Showing posts with label Greg Maddux. Show all posts
Showing posts with label Greg Maddux. Show all posts

Sunday, July 27, 2014

How Mike Morgan and Greg Maddux share deep Las Vegas baseball roots

Mike Morgan knew him when he was just a fan in the stands. Morgan was the star pitcher at Las Vegas’ Valley High School in 1978, striking out 111 batters in 72 innings, while positing a miniscule 0.68 ERA. This magical performance led to the Oakland Athletics drafting Morgan fourth overall in that summer’s draft. Watching him from the crowd when he was building his legend was Greg Maddux.

“I knew him at 11 years old when he watched me pitch when he was in grade school,” Morgan said in an interview on Friday.

It is now Morgan’s turn to watch when Maddux gets inducted into Cooperstown this Sunday.

“I wish I could be out there in Cooperstown … in the audience with Dave and Linda, his mom and dad, his sister Terri, Mike [his brother], and all of the Vegas folks because I am proud of him.”

Only a few years after Morgan’s phenomenal season at Valley, Maddux followed in his footsteps to become a second round selection of the Chicago Cubs in the 1984 draft. Both owe a great deal of credit to not only their high school coach Rodger Fairless, but also Ralph Meder, an area scout who organized Sunday workouts for all of the local players.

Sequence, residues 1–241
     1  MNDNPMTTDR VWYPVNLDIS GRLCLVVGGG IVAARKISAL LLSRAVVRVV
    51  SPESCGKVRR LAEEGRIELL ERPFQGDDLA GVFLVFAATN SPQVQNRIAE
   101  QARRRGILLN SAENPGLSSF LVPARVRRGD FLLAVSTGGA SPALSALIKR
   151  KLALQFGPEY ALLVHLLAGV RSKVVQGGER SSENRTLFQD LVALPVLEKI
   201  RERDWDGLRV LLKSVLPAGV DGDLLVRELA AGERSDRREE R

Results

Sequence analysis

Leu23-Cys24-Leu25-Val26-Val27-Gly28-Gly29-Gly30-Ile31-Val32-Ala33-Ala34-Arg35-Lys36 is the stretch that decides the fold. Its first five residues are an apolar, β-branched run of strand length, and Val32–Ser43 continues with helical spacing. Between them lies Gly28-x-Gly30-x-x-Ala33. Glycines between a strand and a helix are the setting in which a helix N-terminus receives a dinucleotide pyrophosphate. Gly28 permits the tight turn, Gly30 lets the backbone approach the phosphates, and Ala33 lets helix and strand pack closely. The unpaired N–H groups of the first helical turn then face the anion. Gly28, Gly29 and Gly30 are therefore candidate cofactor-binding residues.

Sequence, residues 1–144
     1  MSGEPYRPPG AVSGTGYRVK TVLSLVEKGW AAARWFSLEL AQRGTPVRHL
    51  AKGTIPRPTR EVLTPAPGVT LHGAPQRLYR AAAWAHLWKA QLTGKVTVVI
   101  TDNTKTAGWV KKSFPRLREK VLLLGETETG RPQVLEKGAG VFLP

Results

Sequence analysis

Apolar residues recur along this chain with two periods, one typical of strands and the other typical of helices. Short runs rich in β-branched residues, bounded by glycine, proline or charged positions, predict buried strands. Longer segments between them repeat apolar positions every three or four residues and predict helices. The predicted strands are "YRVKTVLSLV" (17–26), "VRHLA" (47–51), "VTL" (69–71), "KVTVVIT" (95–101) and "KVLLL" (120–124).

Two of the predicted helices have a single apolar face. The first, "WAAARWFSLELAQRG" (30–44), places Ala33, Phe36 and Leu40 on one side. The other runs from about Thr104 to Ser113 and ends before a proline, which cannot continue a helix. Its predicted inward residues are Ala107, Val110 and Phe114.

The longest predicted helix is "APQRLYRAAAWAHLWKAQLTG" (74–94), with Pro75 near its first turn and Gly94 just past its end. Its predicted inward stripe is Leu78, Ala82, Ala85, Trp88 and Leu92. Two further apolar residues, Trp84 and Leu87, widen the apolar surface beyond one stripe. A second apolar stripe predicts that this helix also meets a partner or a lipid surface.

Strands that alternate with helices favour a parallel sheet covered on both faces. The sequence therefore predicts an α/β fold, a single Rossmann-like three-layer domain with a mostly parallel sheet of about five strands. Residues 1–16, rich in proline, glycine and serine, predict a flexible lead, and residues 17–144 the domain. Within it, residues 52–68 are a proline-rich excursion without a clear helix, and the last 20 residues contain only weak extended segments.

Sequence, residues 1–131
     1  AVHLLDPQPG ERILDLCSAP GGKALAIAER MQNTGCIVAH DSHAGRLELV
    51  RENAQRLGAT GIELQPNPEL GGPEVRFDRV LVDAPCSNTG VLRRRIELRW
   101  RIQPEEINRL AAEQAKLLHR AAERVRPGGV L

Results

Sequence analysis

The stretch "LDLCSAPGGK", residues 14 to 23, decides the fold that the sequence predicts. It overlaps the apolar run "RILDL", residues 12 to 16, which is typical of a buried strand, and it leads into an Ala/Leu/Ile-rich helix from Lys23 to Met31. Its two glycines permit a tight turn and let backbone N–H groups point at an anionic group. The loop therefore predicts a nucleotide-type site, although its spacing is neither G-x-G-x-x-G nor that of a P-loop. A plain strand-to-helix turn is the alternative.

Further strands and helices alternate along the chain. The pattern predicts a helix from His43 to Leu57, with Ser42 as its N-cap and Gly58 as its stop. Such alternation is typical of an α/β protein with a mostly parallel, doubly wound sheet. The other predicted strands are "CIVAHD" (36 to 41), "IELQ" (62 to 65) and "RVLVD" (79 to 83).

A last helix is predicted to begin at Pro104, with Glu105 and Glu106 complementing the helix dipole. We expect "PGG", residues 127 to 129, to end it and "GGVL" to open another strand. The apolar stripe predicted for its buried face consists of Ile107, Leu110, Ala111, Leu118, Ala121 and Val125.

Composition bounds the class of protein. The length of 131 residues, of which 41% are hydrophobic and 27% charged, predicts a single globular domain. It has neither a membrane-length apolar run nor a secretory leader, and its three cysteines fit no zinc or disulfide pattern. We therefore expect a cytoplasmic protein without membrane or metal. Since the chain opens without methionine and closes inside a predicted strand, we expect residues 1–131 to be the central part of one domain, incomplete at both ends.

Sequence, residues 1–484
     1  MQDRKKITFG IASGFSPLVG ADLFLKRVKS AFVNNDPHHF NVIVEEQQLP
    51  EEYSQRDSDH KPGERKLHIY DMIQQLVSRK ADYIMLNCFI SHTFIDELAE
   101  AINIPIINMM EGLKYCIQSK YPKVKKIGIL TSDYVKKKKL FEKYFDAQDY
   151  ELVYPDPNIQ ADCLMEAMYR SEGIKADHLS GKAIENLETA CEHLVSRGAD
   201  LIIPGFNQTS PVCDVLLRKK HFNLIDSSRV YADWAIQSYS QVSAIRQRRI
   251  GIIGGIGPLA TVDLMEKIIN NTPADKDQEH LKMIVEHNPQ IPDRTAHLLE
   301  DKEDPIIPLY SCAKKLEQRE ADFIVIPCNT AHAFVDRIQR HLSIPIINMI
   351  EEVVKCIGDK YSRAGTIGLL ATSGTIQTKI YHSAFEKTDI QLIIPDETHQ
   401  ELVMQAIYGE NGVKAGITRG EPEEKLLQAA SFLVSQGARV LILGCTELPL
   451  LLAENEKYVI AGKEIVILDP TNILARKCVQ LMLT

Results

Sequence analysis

“Ralph Meder, I am sure he will bring him up,” Morgan said. “[He was] our mentor. A Cincinnati Reds man, he passed away of a heart attack going to a Valley baseball game 31 years ago (1983).”

Meder taught Maddux to value how his pitches moved more than how fast they traveled, an element of his pitching style that became the trademark of his career.

“He told me that movement was more important than velocity,” Maddux said to the Associated Press in 2001. “He was the first one to teach me that. When you’re 14 or 15 years old, all you want to do is throw hard.”

Both pitchers were the beneficiaries of Meder’s tutelage, amassing almost a combined 500 career major league victories in careers that spanned over 20 years a piece in the major leagues. In 1992, they were finally able to connect their lineage when Morgan was signed as a free agent by the Cubs. They formed a fearsome 1-2 punch, piling up 36 victories for Chicago that year, en route to Maddux’s first Cy Young award. Spending a season playing with Maddux allowed Morgan a full perspective of his abilities.